The Unknowing should be past and time should have run out, but the days keep moving forward, on and on without snapping from the force of the blow. Maybe the Unknowing did happen, Jon allows. Maybe this is what the world after looks like. Maybe this is his mind desperately reaching for whatever it can understand.

He’s certainly obsessing over it enough. It feels like the only thing he can change, as the walls move closer around him.

“No,” Martin says, and looks a little startled. Then Jon is alone. He comes back again later, agitated and brutally hopeful. “It’s been too long. Maybe-” and then he doesn't finish, but Jon can, can cover his terrible suspicion.

“Maybe we aren’t the only ones trying to stop the rituals.”


By the time Jon has memorized every crack in the wall — even with the distraction of Martin and the tapes — he’s tried to burn the fear out. It’s excruciating, and his perception of time is well and truly fucked now, because every moment feels too sharp and yet everything blurs together.

Elias is the one who pulls him out of it, and Jon hates him more for it. He shoves a tape recorder in the doorway between them and says “I’ve negotiated a truce. Peter isn’t going to be bothering us again.” There’s gold around his finger, etched with waves.

It’s been a while since Jon’s seen that ring.

That calm place in Jon that thinks sense and ruthlessness are the same thing has taken a beating, but it’s still there, rising like Atlantis from beneath his fuzzy, jumbled thoughts. Jon is hungrier than he’s been in - months, now. He wants Elias to see his own weakness reflected back at him in the vindictive delight Jon is taking at his finally being outmaneuvered.

“Statement of Elias Bouchard,” that part of him says. His voice surprises him — it’s clear and strong, without the recent persistent fry. “Regarding the recent isolation of his staff. Taken direct from subject on…” Jon trails off, because he doesn’t know, and isn’t sure he’ll get away with pulling honesty from Elias’ honeyed mouth, even with the quiet fury banked in his eyes.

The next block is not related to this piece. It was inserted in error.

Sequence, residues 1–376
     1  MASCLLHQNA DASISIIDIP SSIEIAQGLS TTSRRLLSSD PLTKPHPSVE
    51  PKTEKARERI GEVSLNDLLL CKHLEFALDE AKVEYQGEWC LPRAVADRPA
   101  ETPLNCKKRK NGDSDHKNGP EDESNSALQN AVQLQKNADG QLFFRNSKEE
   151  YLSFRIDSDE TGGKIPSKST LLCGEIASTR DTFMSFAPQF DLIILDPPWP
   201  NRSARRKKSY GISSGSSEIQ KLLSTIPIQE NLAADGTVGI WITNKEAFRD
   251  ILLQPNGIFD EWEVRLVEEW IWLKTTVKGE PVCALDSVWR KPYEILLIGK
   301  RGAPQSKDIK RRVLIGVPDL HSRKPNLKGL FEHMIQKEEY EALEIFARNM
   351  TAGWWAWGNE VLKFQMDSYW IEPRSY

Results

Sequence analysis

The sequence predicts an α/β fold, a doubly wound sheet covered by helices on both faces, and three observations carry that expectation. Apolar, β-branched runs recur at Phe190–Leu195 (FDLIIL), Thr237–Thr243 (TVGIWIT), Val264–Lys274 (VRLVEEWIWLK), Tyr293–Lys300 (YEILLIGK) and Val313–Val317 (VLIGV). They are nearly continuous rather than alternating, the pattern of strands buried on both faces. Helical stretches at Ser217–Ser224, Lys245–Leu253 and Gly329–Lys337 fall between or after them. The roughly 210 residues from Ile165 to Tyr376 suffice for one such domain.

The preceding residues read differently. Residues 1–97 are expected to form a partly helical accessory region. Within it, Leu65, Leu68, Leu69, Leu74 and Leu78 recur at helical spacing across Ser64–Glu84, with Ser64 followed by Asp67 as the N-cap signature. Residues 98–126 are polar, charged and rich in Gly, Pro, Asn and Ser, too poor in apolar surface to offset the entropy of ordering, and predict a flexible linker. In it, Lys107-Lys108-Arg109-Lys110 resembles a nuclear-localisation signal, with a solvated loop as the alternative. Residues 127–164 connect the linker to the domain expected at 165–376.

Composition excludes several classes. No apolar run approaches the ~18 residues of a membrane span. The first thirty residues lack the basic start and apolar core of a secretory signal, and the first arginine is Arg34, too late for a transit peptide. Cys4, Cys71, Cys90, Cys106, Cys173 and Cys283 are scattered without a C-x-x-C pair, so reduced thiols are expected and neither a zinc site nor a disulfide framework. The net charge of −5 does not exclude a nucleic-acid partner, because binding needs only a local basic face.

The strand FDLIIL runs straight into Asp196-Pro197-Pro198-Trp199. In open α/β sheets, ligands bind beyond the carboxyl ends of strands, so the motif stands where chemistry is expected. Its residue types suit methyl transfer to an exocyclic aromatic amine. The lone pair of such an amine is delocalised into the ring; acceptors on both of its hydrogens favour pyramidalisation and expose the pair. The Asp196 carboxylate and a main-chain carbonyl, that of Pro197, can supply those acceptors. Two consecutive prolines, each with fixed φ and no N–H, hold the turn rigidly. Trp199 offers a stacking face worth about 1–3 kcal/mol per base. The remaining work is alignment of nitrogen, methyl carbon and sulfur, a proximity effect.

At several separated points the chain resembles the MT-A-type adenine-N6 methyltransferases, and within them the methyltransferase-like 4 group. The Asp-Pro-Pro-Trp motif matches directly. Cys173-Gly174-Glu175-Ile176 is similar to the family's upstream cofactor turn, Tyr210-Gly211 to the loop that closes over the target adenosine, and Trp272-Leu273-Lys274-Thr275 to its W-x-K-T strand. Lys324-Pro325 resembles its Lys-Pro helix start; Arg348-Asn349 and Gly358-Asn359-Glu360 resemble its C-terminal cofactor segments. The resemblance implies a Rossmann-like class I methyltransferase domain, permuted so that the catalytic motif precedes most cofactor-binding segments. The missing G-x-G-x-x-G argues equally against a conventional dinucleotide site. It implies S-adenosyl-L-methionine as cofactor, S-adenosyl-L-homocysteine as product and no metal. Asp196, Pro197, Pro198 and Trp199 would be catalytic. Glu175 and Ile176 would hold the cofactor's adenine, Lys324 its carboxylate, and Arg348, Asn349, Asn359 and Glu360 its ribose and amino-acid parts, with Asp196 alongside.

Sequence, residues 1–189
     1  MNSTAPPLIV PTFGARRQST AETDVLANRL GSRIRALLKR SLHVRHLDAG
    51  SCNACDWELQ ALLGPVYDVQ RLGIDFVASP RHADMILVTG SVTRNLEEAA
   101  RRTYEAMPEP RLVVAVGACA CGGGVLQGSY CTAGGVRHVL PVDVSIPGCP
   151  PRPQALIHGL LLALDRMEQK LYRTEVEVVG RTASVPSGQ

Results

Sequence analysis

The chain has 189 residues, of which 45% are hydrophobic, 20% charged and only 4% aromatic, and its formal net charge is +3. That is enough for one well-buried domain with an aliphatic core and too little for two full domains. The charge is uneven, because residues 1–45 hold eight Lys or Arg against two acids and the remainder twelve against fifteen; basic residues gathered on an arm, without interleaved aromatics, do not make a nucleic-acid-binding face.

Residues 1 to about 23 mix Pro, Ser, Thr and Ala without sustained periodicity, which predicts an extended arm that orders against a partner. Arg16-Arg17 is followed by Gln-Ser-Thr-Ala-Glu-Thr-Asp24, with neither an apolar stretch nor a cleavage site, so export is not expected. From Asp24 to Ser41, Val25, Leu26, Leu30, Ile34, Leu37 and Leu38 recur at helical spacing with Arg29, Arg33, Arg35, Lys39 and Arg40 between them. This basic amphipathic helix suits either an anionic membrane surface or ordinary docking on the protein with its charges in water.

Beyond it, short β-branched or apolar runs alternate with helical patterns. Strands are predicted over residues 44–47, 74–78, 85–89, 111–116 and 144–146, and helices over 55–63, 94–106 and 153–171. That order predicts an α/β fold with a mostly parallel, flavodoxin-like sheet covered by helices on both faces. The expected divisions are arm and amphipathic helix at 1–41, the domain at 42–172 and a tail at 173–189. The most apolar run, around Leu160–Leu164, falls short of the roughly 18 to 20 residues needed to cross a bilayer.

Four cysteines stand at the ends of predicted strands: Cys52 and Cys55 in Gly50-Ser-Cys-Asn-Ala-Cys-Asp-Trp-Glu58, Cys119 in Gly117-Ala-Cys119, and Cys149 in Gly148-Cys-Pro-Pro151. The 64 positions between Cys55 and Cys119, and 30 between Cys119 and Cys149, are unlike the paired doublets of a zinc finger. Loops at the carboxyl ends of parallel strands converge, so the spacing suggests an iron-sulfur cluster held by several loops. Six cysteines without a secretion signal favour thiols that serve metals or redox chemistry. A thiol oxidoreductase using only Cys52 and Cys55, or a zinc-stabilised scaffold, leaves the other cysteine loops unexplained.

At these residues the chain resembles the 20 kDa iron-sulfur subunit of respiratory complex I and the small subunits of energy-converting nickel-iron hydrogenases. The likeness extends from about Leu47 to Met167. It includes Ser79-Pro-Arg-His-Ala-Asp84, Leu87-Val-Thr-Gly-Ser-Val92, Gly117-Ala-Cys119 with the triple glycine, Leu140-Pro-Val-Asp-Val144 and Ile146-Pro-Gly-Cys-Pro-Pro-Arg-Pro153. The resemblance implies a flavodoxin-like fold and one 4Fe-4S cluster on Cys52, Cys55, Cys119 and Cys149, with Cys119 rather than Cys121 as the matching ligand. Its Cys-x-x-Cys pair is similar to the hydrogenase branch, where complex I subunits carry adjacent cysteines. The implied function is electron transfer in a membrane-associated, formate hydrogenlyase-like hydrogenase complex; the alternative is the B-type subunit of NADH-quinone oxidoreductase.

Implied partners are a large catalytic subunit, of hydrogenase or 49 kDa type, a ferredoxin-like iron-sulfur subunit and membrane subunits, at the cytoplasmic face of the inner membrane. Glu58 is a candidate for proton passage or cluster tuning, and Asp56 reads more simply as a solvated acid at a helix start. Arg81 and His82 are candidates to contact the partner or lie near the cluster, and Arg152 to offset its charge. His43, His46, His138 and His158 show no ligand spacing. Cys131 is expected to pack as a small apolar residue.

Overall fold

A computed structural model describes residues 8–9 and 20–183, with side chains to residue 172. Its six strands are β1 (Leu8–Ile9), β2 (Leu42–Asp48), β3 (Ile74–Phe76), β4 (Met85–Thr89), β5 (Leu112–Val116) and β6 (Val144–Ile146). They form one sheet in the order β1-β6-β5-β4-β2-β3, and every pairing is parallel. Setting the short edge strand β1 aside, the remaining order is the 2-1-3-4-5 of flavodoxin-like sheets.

Elias looks at him with more calculation than Jon has seen before clear on his face as the long seconds slip by. The tape is still churning forward. “Statement taken direct from subject on 20th August, 2017,” Elias finally says, and Jon feels the urge to hide from the strength of Elias’s want. None of the statement givers ever want to spill themselves out, even the ones who intend to come to the Institute and give their statement. And Elias never wants to tell Jon anything at all.

It’s frankly unnerving.

“Statement begins,” Jon finally manages, barely above a whisper.

What else are you lying about? Jon thinks, as Elias pauses. He can’t bring himself to ask and it would be stupid, anyway. Elias seems off-balance and weirdly eager and has been distracted. Maybe, Jon hopes even as he knows he shouldn’t, he hasn’t been watching their conversations. Maybe he doesn’t know what they know about the rituals.

“Peter has always liked bets,” Elias starts. His eyes are steel and his voice is clipped, but for the first time in years, underneath the residue of fear — Jon feels ready.